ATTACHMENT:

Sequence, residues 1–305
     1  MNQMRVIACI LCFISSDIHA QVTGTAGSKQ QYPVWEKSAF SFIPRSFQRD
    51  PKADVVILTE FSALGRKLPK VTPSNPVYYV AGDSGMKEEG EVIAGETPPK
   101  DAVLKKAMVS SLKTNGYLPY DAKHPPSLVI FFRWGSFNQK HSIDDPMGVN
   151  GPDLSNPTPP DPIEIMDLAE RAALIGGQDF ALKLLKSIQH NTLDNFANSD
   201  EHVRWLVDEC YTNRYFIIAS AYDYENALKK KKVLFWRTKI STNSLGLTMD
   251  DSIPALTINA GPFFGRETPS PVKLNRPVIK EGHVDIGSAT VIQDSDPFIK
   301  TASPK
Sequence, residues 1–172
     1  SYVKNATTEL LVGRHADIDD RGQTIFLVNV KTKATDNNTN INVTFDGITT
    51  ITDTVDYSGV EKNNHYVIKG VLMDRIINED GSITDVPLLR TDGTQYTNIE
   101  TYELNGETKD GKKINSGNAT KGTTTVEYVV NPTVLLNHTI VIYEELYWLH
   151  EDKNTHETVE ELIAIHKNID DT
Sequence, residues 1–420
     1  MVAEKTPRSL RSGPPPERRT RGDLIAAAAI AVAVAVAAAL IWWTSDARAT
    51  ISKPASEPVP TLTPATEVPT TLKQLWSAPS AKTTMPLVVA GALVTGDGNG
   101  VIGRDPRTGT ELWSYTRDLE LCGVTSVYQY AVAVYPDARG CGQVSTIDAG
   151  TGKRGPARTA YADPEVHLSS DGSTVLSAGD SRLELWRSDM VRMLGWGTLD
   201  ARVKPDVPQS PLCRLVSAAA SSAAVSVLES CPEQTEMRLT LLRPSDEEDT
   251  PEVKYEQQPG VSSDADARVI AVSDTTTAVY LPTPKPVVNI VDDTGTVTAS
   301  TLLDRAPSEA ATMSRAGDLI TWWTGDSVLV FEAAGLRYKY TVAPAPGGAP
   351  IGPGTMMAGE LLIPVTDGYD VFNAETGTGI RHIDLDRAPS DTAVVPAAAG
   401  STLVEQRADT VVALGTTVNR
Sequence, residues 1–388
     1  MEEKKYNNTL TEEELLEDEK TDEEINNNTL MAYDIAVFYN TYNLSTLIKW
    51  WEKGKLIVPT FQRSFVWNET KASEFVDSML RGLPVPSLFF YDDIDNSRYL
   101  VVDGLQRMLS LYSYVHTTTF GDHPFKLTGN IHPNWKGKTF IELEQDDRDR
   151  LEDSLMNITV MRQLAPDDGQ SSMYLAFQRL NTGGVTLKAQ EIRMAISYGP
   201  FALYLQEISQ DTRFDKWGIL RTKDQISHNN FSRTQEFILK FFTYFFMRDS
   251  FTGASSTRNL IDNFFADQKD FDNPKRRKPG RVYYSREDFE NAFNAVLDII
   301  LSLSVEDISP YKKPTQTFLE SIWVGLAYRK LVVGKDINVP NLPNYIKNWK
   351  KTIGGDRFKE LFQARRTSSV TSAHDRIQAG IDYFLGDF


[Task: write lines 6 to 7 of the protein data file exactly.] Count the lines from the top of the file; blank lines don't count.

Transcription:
   201  EHVRWLVDEC YTNRYFIIAS AYDYENALKK KKVLFWRTKI STNSLGLTMD
   251  DSIPALTINA GPFFGRETPS PVKLNRPVIK EGHVDIGSAT VIQDSDPFIK